Let me just sum this up for you right up front: If you have multiple sheets in a spreadsheet with different fields in them, use multiple Excel input steps, not just one. Read on for the long version.
This week I got some sample data in Excel format. The file contained 17 sheets, each with a different set of fields in the header row (which was on the 2nd row by the way, not the first). So I dragged an Excel input step into PDI, and went to work configuring it. Based on the data model description (provided in a separate file), I got all 17 sheet names and then narrowed them down to the 3 that I needed for my purposes. I set the start row to “1″ for each (apparently the header row is 0 based), and got all the fields. There were over 800 of them. I narrowed those down to just the 80 or so I needed, and continued to set up the dimension tables via the “Dimension Lookup / Update” step. I was also sure to update the “Spread sheet type (engine)” to Excel 2007 XLSX (Apache POI) to match the file format I was provided.
Once I had it all set up, I ran the transformation, which completed successfully. Unfortunately it only successfully pulled data out of one of the three worksheets. Upon closer inspection, I found that the two sheets from which data was not retrieved had some formatting in them. The cells within that sheet looked like this:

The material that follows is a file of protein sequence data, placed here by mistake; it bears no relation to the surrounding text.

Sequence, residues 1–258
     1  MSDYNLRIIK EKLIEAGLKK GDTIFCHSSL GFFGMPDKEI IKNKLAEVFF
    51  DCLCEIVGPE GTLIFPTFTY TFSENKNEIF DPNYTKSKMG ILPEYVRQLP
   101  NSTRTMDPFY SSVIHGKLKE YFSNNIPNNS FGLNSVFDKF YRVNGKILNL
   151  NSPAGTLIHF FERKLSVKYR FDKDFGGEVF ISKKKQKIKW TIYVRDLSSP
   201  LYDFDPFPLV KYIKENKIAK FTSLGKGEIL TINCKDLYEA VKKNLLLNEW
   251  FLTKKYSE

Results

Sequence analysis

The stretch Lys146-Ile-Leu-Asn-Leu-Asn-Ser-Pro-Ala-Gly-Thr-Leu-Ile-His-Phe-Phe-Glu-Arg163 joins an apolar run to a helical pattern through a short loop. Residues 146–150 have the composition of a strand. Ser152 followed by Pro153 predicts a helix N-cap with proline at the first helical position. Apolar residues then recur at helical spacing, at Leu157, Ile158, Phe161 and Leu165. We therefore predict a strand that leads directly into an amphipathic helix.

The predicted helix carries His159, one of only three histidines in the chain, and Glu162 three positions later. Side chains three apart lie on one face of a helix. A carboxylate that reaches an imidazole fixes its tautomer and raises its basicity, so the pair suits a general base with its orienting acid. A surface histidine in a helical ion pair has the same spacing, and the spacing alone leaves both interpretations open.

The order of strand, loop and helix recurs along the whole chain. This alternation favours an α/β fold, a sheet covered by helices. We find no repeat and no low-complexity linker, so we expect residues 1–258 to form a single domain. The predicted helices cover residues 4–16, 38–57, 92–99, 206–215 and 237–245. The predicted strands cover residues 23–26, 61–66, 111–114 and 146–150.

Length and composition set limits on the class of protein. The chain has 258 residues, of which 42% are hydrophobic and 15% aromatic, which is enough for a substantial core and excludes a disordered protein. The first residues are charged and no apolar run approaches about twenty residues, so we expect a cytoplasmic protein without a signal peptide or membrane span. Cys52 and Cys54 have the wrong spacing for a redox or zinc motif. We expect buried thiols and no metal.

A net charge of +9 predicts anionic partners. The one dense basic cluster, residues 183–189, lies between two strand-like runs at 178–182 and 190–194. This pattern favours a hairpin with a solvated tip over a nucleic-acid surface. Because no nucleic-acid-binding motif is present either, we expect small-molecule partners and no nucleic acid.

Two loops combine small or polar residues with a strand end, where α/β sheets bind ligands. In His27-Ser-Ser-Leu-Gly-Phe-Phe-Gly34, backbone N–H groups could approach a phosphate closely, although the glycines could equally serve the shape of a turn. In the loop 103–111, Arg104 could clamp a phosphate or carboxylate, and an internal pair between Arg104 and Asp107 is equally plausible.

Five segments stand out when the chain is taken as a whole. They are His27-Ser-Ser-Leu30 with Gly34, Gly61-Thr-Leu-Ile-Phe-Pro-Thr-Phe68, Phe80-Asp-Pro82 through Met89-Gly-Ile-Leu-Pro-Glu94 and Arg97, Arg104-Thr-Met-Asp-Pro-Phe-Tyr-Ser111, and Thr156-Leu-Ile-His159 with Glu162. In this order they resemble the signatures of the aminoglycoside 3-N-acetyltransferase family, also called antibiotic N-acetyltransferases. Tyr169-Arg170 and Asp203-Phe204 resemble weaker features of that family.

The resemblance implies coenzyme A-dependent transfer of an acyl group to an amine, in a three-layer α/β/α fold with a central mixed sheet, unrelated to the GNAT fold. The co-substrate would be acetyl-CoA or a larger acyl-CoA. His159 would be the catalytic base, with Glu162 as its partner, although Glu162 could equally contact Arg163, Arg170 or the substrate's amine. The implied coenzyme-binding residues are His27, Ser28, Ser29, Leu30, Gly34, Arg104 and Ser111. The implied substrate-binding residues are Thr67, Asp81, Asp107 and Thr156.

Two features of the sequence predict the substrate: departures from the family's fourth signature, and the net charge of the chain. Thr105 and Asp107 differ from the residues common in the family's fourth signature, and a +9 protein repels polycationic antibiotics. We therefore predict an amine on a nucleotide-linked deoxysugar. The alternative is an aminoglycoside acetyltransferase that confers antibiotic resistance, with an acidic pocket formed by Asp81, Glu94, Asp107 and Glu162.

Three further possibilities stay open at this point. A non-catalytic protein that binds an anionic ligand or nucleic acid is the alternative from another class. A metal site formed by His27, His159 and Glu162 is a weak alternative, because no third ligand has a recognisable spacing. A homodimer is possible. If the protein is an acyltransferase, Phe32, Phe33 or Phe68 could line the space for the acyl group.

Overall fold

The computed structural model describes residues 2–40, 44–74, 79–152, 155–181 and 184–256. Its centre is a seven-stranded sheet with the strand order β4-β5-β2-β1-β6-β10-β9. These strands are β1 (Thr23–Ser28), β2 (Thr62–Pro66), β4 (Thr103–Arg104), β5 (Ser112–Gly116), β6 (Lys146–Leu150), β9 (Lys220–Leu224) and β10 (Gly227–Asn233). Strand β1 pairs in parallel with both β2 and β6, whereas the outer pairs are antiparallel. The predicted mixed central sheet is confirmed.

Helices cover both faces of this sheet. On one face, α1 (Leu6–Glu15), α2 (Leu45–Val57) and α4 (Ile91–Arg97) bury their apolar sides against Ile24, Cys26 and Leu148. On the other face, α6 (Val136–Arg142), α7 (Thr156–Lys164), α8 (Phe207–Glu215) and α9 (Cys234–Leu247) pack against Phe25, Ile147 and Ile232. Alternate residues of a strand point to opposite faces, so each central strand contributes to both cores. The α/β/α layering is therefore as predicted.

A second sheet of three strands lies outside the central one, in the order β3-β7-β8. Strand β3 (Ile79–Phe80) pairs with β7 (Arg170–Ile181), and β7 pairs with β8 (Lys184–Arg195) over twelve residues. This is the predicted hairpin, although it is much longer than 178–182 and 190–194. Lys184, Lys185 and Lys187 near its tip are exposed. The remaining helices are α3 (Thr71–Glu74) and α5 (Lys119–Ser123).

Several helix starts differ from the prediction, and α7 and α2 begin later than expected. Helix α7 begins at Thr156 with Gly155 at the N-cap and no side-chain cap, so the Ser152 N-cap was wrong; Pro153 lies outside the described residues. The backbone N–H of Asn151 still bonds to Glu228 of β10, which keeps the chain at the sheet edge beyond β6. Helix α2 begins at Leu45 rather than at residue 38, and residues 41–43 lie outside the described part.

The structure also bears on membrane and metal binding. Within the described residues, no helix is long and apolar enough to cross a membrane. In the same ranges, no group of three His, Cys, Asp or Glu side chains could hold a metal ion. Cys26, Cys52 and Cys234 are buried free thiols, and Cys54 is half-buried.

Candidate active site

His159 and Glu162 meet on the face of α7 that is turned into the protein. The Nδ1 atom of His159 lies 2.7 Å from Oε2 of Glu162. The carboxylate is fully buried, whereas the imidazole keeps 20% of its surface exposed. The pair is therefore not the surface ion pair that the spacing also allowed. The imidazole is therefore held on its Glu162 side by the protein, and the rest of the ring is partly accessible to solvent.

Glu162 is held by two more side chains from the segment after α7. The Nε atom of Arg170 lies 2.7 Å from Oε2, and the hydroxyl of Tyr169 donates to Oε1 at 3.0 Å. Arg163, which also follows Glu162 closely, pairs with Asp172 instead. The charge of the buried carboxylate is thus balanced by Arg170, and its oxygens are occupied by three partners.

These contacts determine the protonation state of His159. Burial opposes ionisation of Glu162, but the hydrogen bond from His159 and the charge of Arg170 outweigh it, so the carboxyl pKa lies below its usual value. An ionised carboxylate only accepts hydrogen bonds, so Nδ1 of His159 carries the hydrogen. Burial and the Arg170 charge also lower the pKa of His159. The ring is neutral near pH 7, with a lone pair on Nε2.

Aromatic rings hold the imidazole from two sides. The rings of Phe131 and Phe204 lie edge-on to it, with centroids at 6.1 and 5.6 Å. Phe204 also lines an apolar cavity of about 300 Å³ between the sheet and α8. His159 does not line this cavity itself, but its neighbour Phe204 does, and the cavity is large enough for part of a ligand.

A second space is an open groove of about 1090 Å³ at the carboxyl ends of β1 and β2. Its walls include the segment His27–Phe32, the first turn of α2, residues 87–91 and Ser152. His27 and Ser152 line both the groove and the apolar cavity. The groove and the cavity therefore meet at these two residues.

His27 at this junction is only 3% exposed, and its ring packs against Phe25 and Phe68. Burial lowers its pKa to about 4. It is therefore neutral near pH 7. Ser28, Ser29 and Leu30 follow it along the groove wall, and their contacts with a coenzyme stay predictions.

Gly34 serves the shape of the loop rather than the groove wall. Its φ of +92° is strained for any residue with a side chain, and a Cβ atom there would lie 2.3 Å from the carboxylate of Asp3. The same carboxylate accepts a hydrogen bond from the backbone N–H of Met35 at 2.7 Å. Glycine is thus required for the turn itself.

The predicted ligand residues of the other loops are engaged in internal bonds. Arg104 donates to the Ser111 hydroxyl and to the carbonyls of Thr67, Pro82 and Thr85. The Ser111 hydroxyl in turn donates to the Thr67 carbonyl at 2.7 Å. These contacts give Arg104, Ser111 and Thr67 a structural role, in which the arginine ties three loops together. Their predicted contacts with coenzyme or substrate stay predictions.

When I hovered over the warning sign, the message was “The number in this cell is formatted as text or preceded by an apostrophe.” My first thought was that I needed to get a new data set that had no formatting, and I wasn’t sure where to go from here. I asked around, and Sal Scalisi, a colleague of mine here at Pentaho produced a more simple example with the same formatting I had in which everything worked just fine. The difference? He only had one sheet in his Excel file. He suggested that I use one Excel input for each sheet in the Excel workbook, and he was right on the money. I rearranged the transformation, and everything works extremely well. This is the end result:
Hopefully this tip is helpful to some of you out there dealing with Excel data!